Tesla’s Answer to Range Anxiety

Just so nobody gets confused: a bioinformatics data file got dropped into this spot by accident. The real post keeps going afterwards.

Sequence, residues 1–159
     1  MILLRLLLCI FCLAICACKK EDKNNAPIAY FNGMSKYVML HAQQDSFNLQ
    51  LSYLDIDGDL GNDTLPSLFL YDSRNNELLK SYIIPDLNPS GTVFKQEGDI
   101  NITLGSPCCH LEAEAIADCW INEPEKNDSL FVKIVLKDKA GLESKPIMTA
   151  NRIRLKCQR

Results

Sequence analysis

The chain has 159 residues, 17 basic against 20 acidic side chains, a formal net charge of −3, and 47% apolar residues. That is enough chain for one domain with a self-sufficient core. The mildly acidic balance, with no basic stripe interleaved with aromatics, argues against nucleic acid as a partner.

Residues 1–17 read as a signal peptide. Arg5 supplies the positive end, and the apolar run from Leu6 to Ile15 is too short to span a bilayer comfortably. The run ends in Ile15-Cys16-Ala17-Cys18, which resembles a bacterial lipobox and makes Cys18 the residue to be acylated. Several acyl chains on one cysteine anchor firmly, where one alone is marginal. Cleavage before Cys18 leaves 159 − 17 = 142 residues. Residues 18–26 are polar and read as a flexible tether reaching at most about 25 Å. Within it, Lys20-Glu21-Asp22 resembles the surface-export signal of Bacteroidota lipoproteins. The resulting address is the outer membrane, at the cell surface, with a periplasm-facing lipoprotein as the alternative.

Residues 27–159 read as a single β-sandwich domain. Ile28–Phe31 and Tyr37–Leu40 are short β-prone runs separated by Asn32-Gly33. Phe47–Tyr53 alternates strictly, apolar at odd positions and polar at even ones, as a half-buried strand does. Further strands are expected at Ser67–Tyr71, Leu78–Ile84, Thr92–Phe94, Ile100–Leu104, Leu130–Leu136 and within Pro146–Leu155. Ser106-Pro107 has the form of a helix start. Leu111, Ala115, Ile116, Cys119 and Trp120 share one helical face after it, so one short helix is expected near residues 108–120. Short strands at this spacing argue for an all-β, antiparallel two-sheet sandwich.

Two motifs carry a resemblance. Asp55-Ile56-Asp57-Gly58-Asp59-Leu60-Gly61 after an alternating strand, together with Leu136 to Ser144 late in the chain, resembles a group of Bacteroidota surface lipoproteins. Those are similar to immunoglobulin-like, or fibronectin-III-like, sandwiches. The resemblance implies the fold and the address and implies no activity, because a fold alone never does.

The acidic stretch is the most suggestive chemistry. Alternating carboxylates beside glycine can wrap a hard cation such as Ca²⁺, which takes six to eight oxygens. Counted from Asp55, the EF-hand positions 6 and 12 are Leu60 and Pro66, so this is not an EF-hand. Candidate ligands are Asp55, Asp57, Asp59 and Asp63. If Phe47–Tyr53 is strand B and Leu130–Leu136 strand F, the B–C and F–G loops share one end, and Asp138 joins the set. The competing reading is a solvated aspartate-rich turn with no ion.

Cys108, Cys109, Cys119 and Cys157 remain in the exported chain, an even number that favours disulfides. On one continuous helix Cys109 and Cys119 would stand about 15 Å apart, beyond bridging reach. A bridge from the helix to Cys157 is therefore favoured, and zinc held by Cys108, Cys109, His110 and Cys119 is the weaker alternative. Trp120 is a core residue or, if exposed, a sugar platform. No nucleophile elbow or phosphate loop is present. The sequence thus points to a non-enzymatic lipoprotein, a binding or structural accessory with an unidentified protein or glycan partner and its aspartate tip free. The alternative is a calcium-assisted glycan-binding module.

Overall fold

Tesla Motors has drawn significant attention recently with the gradual launch of its “Autopilot” suite of autonomous driving tools for its Model S sedan, designed to relieve owners of some of the tedium of highway driving. In a press conference on Thursday, March 19, however, the country’s most well-known electric vehicle (EV) manufacturer announced a software update to address a more common concern among potential EV owners—tracking down a place to charge the car. Tesla founder Elon Musk took to Twitter on Sunday, March 15 with a cryptic announcement claiming that his company would be putting an end to what some call “range anxiety,” the worry some EV drivers have that they will exhaust the available electricity in their battery before finding a place to plug in and recharge. Because EV infrastructure needs time to catch up to the well-established gasoline-fueled incumbent, it is important that EV drivers are able to easily locate charging stations. Thursday’s software upgrade from Tesla should make that process easier, if not totally worry-free. The over-the-air update to the entire fleet of Model S vehicles allows the car’s onboard computer to calculate exactly how far the driver is from the next supercharger station, the company’s proprietary network of high-speed chargers. “This makes it effectively impossible for a driver to run out of range unintentionally,” according to Musk. Updates to navigation software will also assist in trip planning, charting a path to the user’s destination with the vehicle’s effective range constantly in mind. Once at a supercharger, it takes about 30 minutes to regain approximately 170 miles of range. A Model S at one of the company’s supercharging stations. Apart from the apparent benefits to Tesla owners, these updates represent a growing movement in the automotive industry toward getting more out of every drop—or watt—of fuel. Smart navigation software, plugged in to real-time traffic or weather conditions, will help drivers use less energy, and, in the case of gasoline vehicles, less fuel. For EV owners, Tesla’s software update illuminates one of the major remaining challenges to widespread electrification: infrastructure. As more drivers consider purchasing an EV, the small-but-growing national network of charging stations must be able to keep up with growth. This presents a “chicken or the egg” scenario in which more EVs are needed to rationalize additional charging stations, and more charging stations are needed to stimulate increased EV adoption. Attempting to break down this challenge, a recent study conducted by Cornell University researchers Lang Tong and Shanjun Li goes so far as to suggest that the current federal tax credit of $7,500 towards the purchase of a new EV may be better put to use in the promotion of new charging stations. Tesla’s national supercharger network and its coverage area. Whether one chooses to side with the chicken or the egg, the study highlights the important role played by government in incentivizing nascent technologies to compete with the entrenched incumbent. Fuel diversity, offering consumers the broadest possible choice for mobility, is a critical facet of a long-term energy security strategy. Tesla’s ambitious plan to build its own refueling infrastructure—and make it free to Model S owners—has undoubtedly helped to drive sales of its first mass-produced car. It will be interesting to see if and how similar plans unfold at the national or state level.